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MONDAY, June 29, 2015 (HealthDay News) -- A rare toxin carried by barracuda, grouper and other locally caught sport fish sickens Floridians in greater numbers than previously believed, a new analysis suggests.
"The rate of illness was found to be higher than previously estimated. Areas around Miami and in the Florida Keys are particularly affected," wrote study author Elizabeth Radke.
Radke said the findings confirm current warnings to avoid eating barracuda, while also indicating that in Florida, at least, grouper, amberjack, hogfish, snapper, mackerel and mahi mahi were also associated with illness. Most of the fish causing infections in Florida are caught in the Bahamas and the Florida Keys, the researchers concluded.
However, experts say the absolute risk for contracting ciguatera poisoning remains rare. And it doesn't appear to be increasing statewide, even if earlier estimates now need to be revised upward.
The findings are published in the June 29 issue of the American Journal of Tropical Medicine and Hygiene.
"I don't think that people necessarily need to stop eating these other fish, but they need to be aware there is a risk, and if they start feeling sick after eating, they should see a physician," Radke added in a journal news release.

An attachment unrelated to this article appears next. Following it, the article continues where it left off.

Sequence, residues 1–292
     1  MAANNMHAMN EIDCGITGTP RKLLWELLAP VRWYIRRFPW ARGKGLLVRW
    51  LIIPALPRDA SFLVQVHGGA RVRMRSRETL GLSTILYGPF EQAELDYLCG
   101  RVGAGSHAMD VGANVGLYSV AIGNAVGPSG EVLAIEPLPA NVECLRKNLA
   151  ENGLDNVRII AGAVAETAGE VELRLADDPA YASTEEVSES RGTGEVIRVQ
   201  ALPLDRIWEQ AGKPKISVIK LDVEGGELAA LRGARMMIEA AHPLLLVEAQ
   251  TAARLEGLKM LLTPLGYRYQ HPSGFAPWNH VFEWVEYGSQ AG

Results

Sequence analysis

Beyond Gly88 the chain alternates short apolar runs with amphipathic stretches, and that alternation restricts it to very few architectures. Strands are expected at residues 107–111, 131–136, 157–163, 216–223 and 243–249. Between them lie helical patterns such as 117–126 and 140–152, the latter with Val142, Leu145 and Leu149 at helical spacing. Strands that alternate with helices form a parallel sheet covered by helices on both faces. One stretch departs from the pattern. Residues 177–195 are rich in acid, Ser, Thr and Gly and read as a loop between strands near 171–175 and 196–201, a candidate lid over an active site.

Hispanics had the highest rate of ciguatera poisonings in Florida, possibly because of cultural tendencies to eat barracuda, she said.
For the study, researchers from the University of Florida's Emerging Pathogens Institute and the state department of health surveyed thousands of recreational salt-water fishermen in the state and compared the results with public health records.
The investigators estimated that 5.6 cases occur per every 100,000 people in Florida -- far more than the previously recorded 0.2 cases per 100,000 state residents.
The reasons for the discrepancy: Many anglers who said they developed the illness didn't visit a doctor, while others saw doctors who didn't make a proper diagnosis.
Ciguatera poisoning is the world's most common form of fish-related food poisoning, the researchers noted. The toxin is found in algae growing on coral reefs in warm tropical and subtropical ocean waters, with the risk highest in fish from the Caribbean Sea and the Pacific and Indian Oceans, they said.
-- Alan Mozes
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SOURCE: American Journal of Tropical Medicine and Hygiene, news release, June 29, 2015